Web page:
take that feeling of solidarity and try to communicate that feeling to others. So you said that students are more receptive to Indigenous struggles. Do you want to talk a little about why you think that and some of the responses you got from the action? Was there pushback? The reactions from people on the different campuses were very supportive and people generally had heard of something going on in Canada with Indigenous people but they didn’t know specifics.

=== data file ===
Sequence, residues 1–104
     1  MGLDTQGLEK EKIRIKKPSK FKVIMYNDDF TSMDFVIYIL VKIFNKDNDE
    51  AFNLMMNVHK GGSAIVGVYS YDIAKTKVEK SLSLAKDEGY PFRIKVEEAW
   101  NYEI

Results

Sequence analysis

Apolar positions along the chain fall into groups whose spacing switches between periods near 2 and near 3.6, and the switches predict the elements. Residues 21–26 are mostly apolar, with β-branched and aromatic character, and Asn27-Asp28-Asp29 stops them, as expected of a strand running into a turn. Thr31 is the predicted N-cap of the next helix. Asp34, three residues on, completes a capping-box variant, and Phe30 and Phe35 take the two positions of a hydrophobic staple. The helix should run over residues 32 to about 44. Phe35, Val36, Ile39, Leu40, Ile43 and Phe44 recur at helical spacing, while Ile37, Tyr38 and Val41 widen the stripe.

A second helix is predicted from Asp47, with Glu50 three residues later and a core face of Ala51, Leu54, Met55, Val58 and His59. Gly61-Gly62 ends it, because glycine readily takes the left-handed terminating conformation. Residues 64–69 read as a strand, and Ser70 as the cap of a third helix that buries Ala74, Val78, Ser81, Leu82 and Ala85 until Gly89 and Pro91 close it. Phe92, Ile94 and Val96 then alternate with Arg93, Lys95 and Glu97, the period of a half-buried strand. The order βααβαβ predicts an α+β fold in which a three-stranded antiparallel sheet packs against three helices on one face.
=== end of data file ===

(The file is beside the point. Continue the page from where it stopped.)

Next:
My analysis of why I think students may be more receptive [of Indigenous struggles] is that young people skew left of the political spectrum. They are less patriotic, less receptive to nationalist appeals. Youth, in general, are more accepting of difference, they are more interested in difference. Difference is actually a part of their mode of resistance, despite that difference being the way that they are often sold a lot of new products under Capitalism. Some of that has to do with age and some of that has to do with the political environment. They have grown up in the recession and are more skeptical of the status quo because of that. I think this creates an opening for socialists who want to push socialist policy. With hindsight of the action behind you and time to reflect on it, were there any particular successes in the organizing or carrying out of the action? Well, none of this would have happened without my comrades contributing labor. We had a work party where we put together our banners for the event and got language for the flyers, which was really important. You on your own put together an amazing flyer with all the correct information and then printed it off as well and that was vital. Will was able to provide rides to the members without their own transportation, which was important and helpful. Despite the fact that we didn’t get the turnout we wanted from volunteers, what contributed to the overall success was that from the beginning we were very clear that we weren’t going to spend a significant amount of time trying to work on getting the broadest, most perfect language to appeal to everybody. We were going to go and do a solidarity action, we were going to do this in solidarity with the Wet’suwet’en people, and we were going to use the language that 29